Seniors’ homes using ‘trespass orders’ to ban family members from visiting

Katie Pedersen, Melissa Mancini, David Common, CBC News, Marketplace

Mary Sardelis wasn’t allowed to visit her 97-year-old mother’s Ottawa retirement home for almost a year. Sardelis lives less than five minutes away from her mother Voula, but the home prevented Sardelis from seeing her, using sections of Ontario’s trespass law.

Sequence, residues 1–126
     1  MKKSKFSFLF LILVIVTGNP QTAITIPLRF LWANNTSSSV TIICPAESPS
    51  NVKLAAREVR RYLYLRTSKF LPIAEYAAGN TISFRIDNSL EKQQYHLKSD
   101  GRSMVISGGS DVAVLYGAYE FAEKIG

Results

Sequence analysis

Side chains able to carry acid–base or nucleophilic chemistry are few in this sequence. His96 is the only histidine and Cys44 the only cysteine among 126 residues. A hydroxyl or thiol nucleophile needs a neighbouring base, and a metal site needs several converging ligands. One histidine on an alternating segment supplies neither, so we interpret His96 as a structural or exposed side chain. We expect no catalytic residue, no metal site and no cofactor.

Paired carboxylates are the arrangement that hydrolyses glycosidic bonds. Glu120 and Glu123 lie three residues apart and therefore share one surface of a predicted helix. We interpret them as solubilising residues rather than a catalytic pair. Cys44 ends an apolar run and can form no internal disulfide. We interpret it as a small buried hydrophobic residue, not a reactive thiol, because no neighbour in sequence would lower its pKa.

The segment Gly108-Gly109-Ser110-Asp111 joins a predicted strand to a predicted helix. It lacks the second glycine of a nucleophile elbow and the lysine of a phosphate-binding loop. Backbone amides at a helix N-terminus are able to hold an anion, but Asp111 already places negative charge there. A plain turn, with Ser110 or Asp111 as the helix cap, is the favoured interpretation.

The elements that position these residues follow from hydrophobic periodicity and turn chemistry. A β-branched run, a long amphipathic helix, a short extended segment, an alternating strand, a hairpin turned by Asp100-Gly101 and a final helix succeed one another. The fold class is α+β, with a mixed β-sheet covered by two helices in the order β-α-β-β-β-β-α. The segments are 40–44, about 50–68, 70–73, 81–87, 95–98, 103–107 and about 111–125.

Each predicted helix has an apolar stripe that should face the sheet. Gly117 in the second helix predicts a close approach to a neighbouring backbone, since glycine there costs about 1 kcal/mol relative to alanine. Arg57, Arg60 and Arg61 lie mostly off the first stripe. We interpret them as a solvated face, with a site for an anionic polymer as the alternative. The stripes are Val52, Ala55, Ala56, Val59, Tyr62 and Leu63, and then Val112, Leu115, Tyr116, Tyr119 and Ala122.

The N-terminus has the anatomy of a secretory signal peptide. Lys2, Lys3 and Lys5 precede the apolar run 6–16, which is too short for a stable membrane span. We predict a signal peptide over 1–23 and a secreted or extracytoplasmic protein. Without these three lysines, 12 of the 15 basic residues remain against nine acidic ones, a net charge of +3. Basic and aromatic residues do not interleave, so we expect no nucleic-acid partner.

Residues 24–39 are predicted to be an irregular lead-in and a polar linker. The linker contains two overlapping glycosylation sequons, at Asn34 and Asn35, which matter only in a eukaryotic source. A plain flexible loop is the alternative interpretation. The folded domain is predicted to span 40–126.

“For 316 days … I was banned from entering the home,” she said. “You have no idea of the toll it’s taken.” She could call, but her mother’s hearing is poor and she often couldn’t understand what her daughter was saying. “All I could hear was her fears or concerns. And I couldn’t even soothe her.” Sardelis was banned from City View Retirement Community in Ottawa, Ontario, under the Ontario’s Trespass to Property Act. So-called trespass orders allow private property owners to limit who can come onto the premises and, some experts say, are being increasingly used to keep out family members who complain about conditions in retirement and long-term care homes. 

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